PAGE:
Within 24 hours, one lurches from hope to this:

As voting was under way to re-elect President Jalal al-Talibani, members of the Iraqiya bloc, a Sunni-backed coalition that won the most seats in the March 7 election, tried and failed to force a vote on a series of demands. Among them were commitments to release detainees and to reverse the disqualification of three of its candidates on the grounds that they were loyalists of Saddam Hussein’s Baath Party. At that point, just as officials with the Obama administration were expressing their delight in a news briefing that Mr. Allawi will be part of a new Iraqi governmenta result the United States had sought for five years the Iraqiya bloc walked out.

That included Osama al-Nujaifi, who had just been elected the new speaker of Parliament, and Ayad Allawi, who had been Mr. Maliki’s chief rival for prime minister. “There’s still no guarantee from the other side that what they promised will be implemented,” said Jaber al-Jaberi, a top member in Iraqiya, before the start of the session...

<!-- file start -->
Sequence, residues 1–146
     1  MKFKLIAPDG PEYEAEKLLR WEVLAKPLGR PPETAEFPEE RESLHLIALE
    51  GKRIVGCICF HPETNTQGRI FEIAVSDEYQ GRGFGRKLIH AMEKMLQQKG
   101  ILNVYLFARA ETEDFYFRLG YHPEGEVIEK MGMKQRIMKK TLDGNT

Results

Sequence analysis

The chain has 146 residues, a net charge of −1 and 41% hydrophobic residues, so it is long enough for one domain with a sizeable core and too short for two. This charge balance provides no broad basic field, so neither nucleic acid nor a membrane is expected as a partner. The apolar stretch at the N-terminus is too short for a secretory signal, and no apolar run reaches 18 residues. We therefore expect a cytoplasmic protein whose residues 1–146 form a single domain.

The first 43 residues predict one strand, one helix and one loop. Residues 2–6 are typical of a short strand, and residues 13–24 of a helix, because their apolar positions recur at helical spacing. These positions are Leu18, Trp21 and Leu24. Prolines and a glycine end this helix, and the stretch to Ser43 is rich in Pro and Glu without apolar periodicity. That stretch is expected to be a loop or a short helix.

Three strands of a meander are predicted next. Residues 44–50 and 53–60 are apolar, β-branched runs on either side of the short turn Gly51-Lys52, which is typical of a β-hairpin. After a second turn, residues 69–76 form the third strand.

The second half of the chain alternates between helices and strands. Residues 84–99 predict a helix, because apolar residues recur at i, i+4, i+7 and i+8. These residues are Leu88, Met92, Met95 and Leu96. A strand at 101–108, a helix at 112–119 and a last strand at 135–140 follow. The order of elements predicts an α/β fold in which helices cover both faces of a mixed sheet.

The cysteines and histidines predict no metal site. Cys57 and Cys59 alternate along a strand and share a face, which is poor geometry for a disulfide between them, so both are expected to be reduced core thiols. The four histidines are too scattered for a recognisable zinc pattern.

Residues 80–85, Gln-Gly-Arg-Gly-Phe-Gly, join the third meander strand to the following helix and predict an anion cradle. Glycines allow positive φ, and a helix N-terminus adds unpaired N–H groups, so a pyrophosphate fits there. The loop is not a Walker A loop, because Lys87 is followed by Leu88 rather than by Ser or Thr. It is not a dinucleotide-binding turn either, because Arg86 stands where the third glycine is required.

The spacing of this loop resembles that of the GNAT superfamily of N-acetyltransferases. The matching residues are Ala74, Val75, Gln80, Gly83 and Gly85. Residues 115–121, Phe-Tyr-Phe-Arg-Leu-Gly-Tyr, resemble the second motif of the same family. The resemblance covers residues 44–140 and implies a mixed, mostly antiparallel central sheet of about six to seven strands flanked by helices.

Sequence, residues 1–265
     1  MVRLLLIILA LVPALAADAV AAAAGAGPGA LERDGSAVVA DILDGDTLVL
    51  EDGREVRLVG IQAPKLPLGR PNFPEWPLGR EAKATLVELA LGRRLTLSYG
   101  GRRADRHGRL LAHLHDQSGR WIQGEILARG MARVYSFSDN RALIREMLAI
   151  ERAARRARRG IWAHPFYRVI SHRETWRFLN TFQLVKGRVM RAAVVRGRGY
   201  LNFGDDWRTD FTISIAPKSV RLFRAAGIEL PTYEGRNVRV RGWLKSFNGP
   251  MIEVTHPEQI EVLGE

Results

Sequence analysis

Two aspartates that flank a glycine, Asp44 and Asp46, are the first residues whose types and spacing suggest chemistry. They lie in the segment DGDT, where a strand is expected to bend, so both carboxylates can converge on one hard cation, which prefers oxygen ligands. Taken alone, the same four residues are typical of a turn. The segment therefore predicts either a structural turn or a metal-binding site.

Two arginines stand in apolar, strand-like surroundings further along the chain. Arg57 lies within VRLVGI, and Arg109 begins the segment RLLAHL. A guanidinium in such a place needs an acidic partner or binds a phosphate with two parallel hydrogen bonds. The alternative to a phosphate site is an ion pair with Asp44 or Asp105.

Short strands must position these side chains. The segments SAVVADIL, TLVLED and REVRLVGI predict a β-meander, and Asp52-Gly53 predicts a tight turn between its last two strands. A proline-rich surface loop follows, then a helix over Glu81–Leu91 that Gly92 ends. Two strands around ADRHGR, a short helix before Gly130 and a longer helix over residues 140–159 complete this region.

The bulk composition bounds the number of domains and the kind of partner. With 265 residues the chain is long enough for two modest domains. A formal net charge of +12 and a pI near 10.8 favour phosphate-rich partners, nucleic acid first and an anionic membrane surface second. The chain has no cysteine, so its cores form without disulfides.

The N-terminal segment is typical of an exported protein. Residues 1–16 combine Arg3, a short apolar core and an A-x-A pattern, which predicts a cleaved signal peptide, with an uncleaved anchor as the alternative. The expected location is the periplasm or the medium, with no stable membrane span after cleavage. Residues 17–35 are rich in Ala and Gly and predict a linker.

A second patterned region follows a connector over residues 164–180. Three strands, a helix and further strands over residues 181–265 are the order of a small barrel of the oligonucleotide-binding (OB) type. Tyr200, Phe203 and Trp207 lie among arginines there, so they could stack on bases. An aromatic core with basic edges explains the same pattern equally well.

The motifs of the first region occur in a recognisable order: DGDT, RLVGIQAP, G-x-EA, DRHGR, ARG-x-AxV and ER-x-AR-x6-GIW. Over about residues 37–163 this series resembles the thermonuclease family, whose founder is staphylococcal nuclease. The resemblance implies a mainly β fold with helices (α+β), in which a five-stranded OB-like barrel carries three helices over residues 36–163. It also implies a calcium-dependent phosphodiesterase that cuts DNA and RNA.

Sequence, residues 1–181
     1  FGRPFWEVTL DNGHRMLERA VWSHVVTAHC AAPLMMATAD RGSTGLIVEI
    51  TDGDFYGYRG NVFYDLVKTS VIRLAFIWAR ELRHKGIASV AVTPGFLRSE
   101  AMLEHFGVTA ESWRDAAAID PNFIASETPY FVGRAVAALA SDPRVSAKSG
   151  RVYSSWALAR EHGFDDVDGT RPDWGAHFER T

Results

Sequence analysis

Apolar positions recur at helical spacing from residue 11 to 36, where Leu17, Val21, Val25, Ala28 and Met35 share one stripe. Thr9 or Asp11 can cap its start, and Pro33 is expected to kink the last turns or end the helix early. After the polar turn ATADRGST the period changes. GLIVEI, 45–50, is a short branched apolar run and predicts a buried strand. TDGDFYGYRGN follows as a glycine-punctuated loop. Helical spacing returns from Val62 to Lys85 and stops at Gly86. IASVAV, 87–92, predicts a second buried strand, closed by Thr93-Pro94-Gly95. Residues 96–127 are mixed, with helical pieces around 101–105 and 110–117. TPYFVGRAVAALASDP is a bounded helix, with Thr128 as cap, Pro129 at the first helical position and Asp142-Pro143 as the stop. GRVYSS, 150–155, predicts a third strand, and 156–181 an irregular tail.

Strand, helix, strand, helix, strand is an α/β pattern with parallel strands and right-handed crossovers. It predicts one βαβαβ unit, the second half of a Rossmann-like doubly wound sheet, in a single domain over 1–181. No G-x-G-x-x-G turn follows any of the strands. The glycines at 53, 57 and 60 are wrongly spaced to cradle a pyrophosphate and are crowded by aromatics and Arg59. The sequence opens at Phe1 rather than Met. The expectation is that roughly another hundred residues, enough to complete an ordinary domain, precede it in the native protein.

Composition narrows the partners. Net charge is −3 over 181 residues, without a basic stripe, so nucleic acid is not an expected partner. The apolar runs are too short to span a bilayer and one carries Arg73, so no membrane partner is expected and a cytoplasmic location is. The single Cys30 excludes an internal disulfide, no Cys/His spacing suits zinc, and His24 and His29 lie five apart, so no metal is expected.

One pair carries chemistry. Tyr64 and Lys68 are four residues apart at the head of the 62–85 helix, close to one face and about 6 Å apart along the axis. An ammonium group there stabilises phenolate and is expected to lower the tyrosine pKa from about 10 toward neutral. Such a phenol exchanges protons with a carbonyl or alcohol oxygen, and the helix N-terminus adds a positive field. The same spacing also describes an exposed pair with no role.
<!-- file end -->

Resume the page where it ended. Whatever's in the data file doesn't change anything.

After the walkout, parts of Iraqiya returned to the session, suggesting possible divisions within the bloc. With the diminished numbers, however, there were not enough votes to give Mr. Talabani the required two-thirds majority on the first round. A second round of voting, requiring only a simple majority, was to follow.

“From the start I knew this agreement wasn’t sustainable,” said Mahmoud Othman, a Kurdish lawmaker. In an arrangement that attempts to wrap every coalition into a power-sharing government, Mr. Othman said, “you expect problems.”

We want to hear what you think about this article. Submit a letter to the editor or write to letters@theatlantic.com.